• Ph.D. (Sociology), University of Tennessee, Knoxville, 1995
  • M.A. (Sociology), University of Tennessee, Knoxville, 1992
  • B.A. (Sociology), Western Kentucky University, Bowling Green, 1989

Tom Shriver joins NC State after 18 years at Oklahoma State University, where he developed that department’s concentration area in environmental sociology. Shriver’s primary research and teaching interests are related to environmental sociology, social movements, and health.  He is currently working on several projects related to energy and the environment. Most notably, he is conducting research on coal and climate change in the North Bohemian Coal Mining Basin of the Czech Republic. This fall he is launching a new project on the social and environmental impacts of fracking in the United States. In 2011, his co-authored work on nuclear weapons workers won the Outstanding Article Award from the American Sociological Association’s Environment and Technology Section. Shriver received the Environment and Technology Section’s Outstanding Teaching and Mentoring Award in 2012.

Maggie Simon joins the Department of English as assistant professor in the area of Early Modern literature.

  • Ph.D. (English Language and Literature), University of Virginia, 2011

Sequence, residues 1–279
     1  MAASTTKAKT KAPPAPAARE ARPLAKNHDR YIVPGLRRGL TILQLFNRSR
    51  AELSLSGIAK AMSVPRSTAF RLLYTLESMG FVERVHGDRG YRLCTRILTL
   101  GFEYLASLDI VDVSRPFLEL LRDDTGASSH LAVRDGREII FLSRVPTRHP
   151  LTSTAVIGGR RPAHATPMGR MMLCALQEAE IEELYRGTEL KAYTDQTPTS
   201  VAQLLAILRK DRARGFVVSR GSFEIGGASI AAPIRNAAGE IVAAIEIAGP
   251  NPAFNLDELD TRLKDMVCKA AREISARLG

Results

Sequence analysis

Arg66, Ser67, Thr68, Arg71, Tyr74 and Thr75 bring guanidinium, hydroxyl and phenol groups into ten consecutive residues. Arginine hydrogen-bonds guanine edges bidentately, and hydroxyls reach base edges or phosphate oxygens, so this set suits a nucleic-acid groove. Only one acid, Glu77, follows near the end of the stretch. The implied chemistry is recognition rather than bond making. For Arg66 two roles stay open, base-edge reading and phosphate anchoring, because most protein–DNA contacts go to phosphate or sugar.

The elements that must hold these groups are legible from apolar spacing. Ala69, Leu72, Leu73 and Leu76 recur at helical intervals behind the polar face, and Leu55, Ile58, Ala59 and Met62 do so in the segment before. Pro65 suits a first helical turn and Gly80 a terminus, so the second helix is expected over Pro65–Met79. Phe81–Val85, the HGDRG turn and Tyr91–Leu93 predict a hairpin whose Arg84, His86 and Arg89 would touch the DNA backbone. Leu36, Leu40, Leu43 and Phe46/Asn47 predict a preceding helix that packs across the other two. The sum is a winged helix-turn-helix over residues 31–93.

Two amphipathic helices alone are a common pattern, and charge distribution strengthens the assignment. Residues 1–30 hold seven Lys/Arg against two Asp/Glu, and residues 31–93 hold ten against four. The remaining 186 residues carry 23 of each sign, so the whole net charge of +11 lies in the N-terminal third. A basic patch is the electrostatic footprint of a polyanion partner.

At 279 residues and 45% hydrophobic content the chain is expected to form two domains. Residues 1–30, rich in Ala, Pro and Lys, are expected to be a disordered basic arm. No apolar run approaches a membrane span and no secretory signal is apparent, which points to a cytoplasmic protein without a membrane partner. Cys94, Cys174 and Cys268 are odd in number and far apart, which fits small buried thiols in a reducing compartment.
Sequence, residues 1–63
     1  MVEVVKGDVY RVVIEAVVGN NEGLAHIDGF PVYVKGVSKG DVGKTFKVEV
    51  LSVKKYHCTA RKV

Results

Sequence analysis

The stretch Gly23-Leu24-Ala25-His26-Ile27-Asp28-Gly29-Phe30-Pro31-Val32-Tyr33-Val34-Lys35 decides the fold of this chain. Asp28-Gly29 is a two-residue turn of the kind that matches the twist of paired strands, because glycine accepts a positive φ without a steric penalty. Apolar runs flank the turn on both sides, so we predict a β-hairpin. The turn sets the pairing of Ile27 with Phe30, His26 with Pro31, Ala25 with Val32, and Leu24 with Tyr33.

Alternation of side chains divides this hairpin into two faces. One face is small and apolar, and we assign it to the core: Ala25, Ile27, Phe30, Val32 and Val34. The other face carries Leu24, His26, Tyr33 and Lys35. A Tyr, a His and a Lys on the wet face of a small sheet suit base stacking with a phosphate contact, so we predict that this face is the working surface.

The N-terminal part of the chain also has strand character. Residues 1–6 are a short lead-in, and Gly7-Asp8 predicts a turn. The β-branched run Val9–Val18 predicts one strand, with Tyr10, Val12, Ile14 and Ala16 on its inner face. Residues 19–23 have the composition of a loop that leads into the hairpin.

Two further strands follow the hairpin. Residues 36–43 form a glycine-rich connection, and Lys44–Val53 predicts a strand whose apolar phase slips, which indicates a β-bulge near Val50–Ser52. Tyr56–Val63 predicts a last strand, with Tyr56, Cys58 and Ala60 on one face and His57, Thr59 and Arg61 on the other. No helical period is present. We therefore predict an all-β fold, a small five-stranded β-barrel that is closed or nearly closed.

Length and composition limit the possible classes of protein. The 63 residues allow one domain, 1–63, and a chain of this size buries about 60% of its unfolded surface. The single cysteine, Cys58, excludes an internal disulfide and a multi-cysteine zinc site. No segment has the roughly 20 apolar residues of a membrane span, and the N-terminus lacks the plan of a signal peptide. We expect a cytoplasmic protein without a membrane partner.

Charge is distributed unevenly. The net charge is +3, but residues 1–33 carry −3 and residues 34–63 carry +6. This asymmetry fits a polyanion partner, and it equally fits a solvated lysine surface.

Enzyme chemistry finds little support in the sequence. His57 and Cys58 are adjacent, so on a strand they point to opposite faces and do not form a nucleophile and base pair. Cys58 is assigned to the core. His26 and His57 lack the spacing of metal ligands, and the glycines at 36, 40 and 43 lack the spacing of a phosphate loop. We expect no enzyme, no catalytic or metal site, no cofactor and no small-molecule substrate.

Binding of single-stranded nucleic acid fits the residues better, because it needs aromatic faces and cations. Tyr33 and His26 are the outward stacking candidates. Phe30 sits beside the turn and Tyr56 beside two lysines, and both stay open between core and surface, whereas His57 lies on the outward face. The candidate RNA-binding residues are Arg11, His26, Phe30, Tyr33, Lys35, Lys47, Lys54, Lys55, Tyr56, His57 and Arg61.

• M.A. (Comparative Literature), University of Wisconsin, Madison, 2000
  • B.A. (English and French), University of Tennessee at Chattanooga Honors Program, 1998

Maggie Simon’s research and teaching interests include 16th and 17th century English literature, lyric poetry, book history, and the history of the emotions. Her current book project, Writing Lost Consciousness in the English Renaissance, demonstrates how authors in this period depict threshold states of consciousness (as in swooning or sleep) to facilitate experiments in genre and form. In so doing, they restore representations of lost consciousness to an important place in the history of emotion and insist upon the formal innovations of Renaissance literature in figuring their complex cultural significance.

Sanem Soyarslan joins the Department of Philosophy and Religious Studies as an assistant professor of philosophy.

  • Ph.D. (Philosophy), Duke University, 2011
  • M.A. (Philosophy), Boğaziçi University (Istanbul), 2005
  • Diplôme Superieur d’Université (Political Science), Université Panthéon-Assas (Paris II), 2000
  • B.A. (Political Science), Boğaziçi University (Istanbul), 1999

Sanem Soyarslan comes to NC State from Boston University. She specializes in the history of ethics and early modern philosophy, with a particular emphasis on the philosophy of Spinoza. Soyarslan has an ongoing interest in ethical theories both ancient and modern. Her recent work focuses on Spinoza’s distinction between reason and intuitive knowledge and its ethical implications. In her next major project, Soyarslan aims to develop a detailed and accurate account of Spinoza’s ethical thought by situating it in its historical context, giving special attention to ancient philosophers such as Aristotle and the Stoics and to Spinoza’s near-contemporaries, especially Descartes.